Thursday, May 13, 2010

USDJPY: Follow Up

I have been tracking the USDJPY cross rate for sometime, and it is my belief that US Dollar will move higher relative to the Japanese Yen, and that this will represent a secular trend change.

I initially discussed the fundamental and technical picture for the USDYEN in the article, "Short Yen, Long Dollar" written on January 29, 2010. My conclusion in looking at the technical set up was that "the US Dollar should outperform the Japanese Yen, which is on the cusp of a secular down trend". Over the last 4 months, little has changed in my world that would suggest differently.

The fundamental story was best explained by Kyle Bass of Hayman Partners, LP in this quarterly letter to his investors. Bass's argument (see page 15 of the report) is that the Yen should be vulnerable as chronic deficit spending and changing demographics of its population should result in higher interest rates and/or a weaker Yen.

All old news until we got the mother of all bailouts this past weekend. This has prompted Bass to write another letter to his investors (which is now making the rounds on the internet). The crux of Bass's letter and thinking is in these comments:

"The ECB’s monetary policy action simply adds to the moral hazard that was originally created on the fiscal side of the problem. The pattern is now set. This is exactly how very smart people meeting together in order to "solve" a debt crisis frequently (and now permanently, it appears) mistake a solvency crisis for a liquidity crisis. From now on, it seems everything will be deemed to be a liquidity crisis that will be met with more "bail-outs" and debt financed spending. This will eventually break traction in a violent way and facilitate severe inflation or even hyperinflation. The one thing the EU taught us this weekend is that paper money will be worth less (maybe much less) in the future."

Then he states about Japan:

"Outside of Greece and “Club Med” countries, Japan will begin to grace the front pages of newspapers very shortly. Japan has already reached a point where its central government tax revenues are eclipsed by debt service and social security payments alone. Coupled with its debt and demography problems, the world's second largest economy is about to enter a real bond crisis.

The competitive devaluation will begin in full force with Japan needing a weaker Yen to grow exports, the US needing a weaker dollar in order to double our exports (under the current Obama plan), and the EU really needing a weaker euro in order to grow their own exports."

Bass's entire letter can be accessed by clicking here: Bass Letter.

The ARL Advisers' Real Time Portfolio is long the ProShares Ultra Short Yen (symbol: YCS). This is a 2x leverage product that bets against and moves inverse to the YEN. This position was established on January 28, 2010.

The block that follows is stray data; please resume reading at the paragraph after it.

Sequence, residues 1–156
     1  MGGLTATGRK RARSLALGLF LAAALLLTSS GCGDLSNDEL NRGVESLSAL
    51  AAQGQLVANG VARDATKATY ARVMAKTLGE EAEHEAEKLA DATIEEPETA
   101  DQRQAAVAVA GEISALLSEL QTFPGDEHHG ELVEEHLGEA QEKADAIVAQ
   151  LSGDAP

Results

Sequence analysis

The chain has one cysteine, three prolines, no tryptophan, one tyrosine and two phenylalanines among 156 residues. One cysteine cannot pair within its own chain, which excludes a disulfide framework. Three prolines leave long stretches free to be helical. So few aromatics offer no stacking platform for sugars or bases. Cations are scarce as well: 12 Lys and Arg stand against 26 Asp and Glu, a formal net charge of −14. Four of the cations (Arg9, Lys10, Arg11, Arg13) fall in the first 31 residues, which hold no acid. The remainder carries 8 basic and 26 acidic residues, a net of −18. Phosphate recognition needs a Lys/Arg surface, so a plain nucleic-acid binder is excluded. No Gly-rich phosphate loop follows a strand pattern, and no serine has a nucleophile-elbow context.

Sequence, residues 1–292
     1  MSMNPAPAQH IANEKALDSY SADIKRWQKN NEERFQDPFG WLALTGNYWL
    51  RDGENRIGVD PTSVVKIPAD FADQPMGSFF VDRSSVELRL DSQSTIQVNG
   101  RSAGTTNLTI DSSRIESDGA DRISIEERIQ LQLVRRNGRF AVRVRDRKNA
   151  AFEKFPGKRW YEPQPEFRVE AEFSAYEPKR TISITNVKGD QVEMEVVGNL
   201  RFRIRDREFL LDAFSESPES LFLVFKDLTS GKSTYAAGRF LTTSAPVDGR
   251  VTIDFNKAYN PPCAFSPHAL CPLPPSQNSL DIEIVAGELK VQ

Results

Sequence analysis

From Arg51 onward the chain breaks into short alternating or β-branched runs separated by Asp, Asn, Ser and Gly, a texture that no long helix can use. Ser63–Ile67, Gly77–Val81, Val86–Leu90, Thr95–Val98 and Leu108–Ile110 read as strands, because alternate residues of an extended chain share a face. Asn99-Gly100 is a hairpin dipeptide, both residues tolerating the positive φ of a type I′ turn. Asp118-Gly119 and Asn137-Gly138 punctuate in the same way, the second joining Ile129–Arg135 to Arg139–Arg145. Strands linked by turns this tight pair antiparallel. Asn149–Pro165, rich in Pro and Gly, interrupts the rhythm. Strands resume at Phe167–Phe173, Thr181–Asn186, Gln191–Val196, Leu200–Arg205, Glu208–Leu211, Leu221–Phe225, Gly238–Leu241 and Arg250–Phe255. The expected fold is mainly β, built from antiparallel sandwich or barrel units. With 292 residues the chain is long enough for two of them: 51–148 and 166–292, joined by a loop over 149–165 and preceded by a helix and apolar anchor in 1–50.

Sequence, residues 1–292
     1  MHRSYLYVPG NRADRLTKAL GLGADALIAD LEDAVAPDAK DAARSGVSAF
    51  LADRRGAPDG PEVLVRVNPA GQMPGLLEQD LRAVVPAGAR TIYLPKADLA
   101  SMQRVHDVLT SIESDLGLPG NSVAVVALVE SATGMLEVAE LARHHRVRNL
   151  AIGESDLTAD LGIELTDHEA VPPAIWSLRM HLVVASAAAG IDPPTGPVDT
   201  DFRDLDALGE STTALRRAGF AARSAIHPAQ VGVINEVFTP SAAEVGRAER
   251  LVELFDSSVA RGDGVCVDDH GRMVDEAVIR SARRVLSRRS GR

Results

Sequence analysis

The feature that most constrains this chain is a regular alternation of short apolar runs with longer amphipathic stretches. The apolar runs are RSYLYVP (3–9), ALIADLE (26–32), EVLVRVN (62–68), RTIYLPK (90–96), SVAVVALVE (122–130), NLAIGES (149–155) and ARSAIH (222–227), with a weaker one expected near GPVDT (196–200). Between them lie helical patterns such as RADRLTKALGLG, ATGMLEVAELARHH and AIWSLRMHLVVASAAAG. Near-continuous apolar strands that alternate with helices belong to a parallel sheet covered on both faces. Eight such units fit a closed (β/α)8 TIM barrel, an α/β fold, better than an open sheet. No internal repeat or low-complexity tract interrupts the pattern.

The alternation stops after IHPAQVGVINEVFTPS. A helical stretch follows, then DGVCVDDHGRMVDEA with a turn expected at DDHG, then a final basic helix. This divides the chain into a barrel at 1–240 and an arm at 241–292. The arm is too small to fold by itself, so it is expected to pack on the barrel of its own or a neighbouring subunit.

You can view the portfolio by clicking on this link: PORTFOLIO

You can view the portfolio's performance by clicking on this link: PERFORMANCE


Anonymous said...

I believe it is more important over the next months to determine where all this inflationary currency devaluation is going to manifest itself. I am looking for areas far more able to absorb large amounts of liquidity than gold. The stock markets and oil are obvious, but I hate competing against the black boxes who know where all the stops reside. For whatever reason REITs have held up so far, does anyone follow this area.

Guy M. Lerner said...

I would agree with you very, very much on this....we know what is happening, but the question from a trading is how to exploit this

I can say from personal experience that I had the "call" on the US Dollar correct but I have done a poor job of expressing that point of view
from a trading point

Fu Manchu said...

I wish I shared your confidence, Guy. YCS looks like a busted flush at the moment to me.

Guy M. Lerner said...


sometimes ugly is beautiful

Ryan said...


I have had a similar experience with the dollar: got long UUP in mid-December expecting parity on a theory that has largely played out. The experience has actually led me to begin to study more leveraged methods to express my bet against Japan (i.e., structured products). While I am an equity guy by training, I have been building models on CDS, interest rate caps, and swaptions. In each case, you can control your loss, while having the opportunity to make multiples of your money. They can be expensive to transact in, ridiculously complex, and require actually dealing with desks/people on the street that I would prefer to avoid. But they also really allow you to win if you are right.